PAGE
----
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Since 1996, residential land prices have raced from 110 per cent of GDP to nearly 220 per cent of GDP. Meanwhile, wages have declined modestly against GDP.

“First Home Buyers’ incomes have simply not kept up with the strong rise in land prices. Here is the proof,” Prosper Australia Buyers Strike campaigner David Collyer said today.

“This fifteen year period breaks away from a very long trend where wages and land prices were strongly correlated.

“In the last year alone, wages are down 1.4 per cent against GDP, while land is up 20.8 per cent.

Collyer was commenting on the release of the Land Values Affordability Comparator which examines both wages and land prices, over time, against the strength of the overall economy. The Comparator shows just how profoundly unaffordable land is for FHBs.

“It is no wonder buyers are angry and frustrated. Young adults are urged by their families and society to get started, to buy a home, to begin accumulating assets. But the numbers cannot be made to add up.

Current settings demand young couples dedicate around 40 per cent of both incomes for 20 years to buy a starter home. “A sacrifice this large is unprecedented and illegitimate.”

“FHBs have taken the only rational action possible: renounce home ownership for the foreseeable future while saving a larger deposit and investing elsewhere.

“The property market needs a continual flow of new entrants to maintain forward momentum. It is no longer receiving them. Our Buyers Strike merely formalises what the market is imposing on FHBs.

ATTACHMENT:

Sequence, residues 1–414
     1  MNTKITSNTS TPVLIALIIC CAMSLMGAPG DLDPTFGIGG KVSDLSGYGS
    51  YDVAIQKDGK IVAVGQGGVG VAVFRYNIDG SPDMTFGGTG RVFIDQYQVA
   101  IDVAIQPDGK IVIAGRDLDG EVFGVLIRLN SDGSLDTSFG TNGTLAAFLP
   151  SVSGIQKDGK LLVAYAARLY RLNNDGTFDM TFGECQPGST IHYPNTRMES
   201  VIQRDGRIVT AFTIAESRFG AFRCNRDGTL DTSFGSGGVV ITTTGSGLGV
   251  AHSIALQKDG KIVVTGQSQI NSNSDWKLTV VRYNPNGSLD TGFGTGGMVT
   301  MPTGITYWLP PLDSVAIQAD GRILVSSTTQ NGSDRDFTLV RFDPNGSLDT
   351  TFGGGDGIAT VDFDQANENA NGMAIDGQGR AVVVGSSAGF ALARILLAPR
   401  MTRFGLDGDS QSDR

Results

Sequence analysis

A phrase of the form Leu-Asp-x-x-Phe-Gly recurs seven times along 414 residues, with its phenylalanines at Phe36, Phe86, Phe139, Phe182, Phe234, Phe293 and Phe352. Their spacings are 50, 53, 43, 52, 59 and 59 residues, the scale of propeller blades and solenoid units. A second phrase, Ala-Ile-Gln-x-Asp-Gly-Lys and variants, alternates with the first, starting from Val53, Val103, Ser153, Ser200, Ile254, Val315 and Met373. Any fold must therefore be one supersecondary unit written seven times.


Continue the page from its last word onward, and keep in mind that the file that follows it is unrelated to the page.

The Buyers Strike advocated by Prosper Australia has captured the imagination of FHBs visiting the GetUp site and following property issues elsewhere on the internet.

“The campaign has had no mainstream media coverage and must be actively searched out, which makes the groundswell even more remarkable,” Collyer said.

To see the campaign’s early impacts, and the passionate comments it has aroused, visit:

Dont Buy Now Facebook

GetUp forum

It must be noted that Prosper is not today calling the bursting of The Great Australian Land Bubble, but does assert it is ‘imminent’.

“Inflated land prices must and will revert to the long term mean. The US example shows the terrible economic pain a price correction inflicts on the most exposed – the recent buyer,” Collyer concluded. “Only those who stand aside will avoid this peril.”

* An xl spreadsheet of the graph data is available on request.